Surveillance

The fight against the surveillance state has only just begun

The truth is that Labour and Conservatives have colluded over subsequent governments to dramatically expand the extent of the surveillance state in Britain – writes Loz Kaye

We are often told that the British public at large does not really care about the issue of mass surveillance. British Prime Minister David Cameron has said that he does not “think that Snowden has had an enormous public impact”. Certainly, the United Kingdom has not seen huge public demos or the kind of intense pressure on our politicians that has been seen in the United States and in Germany.

Thursday, 13 February, 2014 (All day)

David Cameron takes snooping lessons from the telly

THE UK PRIME MINISTER reckons that watching telly has told him a lot of what he knows and thinks is right about government surveillance of mobile communications and internet data traffic.

Loz Kaye, the leader of the UK Pirate Party, was unimpressed with this, and suggested that there is an attention gap somewhere.

"Anyone who argues that we don't have the capability to target communications clearly hasn't been paying attention over the months of the Snowden revelations. What is going on is an attempt to justify the liberties that have been taken without a democratic mandate," he said.

Friday, 31 January, 2014 - 23:00

Don't Spy On Us: it's time to hold politicians to account for mass surveillance

UK digital rights organisations have teamed up to launch Don't Spy On Us, a protest against mass surveillance perpetrated by the NSA and GCHQ and a call for a public inquiry on the topic. It coincides with a similar initiative in the US titled The Day We Fight Back, which takes place today, 11 February 2014.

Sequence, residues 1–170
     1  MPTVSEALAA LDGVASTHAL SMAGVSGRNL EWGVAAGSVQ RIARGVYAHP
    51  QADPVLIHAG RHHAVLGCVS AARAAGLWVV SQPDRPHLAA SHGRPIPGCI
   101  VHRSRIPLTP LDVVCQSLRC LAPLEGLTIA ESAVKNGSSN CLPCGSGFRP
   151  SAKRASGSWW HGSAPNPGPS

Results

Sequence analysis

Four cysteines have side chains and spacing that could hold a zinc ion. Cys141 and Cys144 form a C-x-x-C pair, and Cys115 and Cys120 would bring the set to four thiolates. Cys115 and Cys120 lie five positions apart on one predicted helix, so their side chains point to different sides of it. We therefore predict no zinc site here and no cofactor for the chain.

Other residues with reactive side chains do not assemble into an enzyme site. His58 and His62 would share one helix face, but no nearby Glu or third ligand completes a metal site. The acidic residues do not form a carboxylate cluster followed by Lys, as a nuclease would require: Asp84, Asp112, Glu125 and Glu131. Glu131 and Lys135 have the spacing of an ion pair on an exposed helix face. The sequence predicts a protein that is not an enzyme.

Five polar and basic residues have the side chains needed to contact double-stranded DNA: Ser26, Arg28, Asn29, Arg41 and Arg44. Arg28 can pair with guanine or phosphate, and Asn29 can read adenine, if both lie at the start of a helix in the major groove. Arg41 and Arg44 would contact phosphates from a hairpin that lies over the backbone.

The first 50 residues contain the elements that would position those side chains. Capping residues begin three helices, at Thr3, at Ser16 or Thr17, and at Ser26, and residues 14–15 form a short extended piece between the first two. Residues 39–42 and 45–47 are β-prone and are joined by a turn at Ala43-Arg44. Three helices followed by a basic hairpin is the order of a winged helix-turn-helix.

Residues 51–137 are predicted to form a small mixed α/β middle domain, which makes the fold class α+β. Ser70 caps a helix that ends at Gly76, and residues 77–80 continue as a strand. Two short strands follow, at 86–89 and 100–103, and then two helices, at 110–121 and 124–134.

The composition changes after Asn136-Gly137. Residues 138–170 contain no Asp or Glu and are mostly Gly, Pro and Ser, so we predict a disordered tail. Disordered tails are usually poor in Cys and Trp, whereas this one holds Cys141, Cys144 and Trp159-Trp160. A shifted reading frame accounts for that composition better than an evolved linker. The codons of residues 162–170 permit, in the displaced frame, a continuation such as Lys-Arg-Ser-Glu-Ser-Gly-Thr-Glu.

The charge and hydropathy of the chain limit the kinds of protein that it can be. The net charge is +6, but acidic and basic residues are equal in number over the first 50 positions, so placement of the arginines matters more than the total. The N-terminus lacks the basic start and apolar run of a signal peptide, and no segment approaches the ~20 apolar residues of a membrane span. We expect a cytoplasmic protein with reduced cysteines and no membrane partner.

Pirate Party UK Leader Loz Kaye said: "We're often told that the British public at large doesn't really care about the issue of mass surveillance. But the Westminster crowd should not mistake their own inability or unwillingness to act for a wider apathy."

Tuesday, 11 February, 2014 - 23:00

The Day We Fight Back - 11th February 2014

Editor's picture

For months now Snowden's revelations have shown the true shocking extent of massive state surveillance. Much of the anger has rightly focused on the United States and the NSA. But as Edward Snowden put it, the UK and GCHQ "has a big dog in this fight" too.

Amongst what we've found out is the mass and indiscriminate collection of email, phone calls, website visits, facebook posts and tweets.  The breaking into, tapping of and collaboration with large corporations such as Yahoo, Google, Microsoft and Facebook.

Where there are laws surrounding the collection of these data which would prohibit our security services from collecting them, the collection was deliberately handed off to a foreign power not covered by those laws.

The talks surrounding the delegation of powers to the UK's security services which were abandoned last year were a farce; it was merely an attempt to legalise what was already happening, not a real discussion on the reality of surveillance.

Surveillance: Cameron Can't Tell Fact From Fiction

Friday, 31 January, 2014 - 13:15

David Cameron told a parliamentary committee that he plans, after the next election, to expand laws to allow the "politically contentious" surveillance of online activity. Essentially this will be another resurrection of the snooper's charter which has been killed twice, in the last two parliaments.

Despite the revelations of Snowden, and recent fears that some of GCHQ's operations may be illegal, Cameron said he has a "sense" that the British people do not care about this issue, and that the only opposition to the ongoing negation of privacy is media-driven.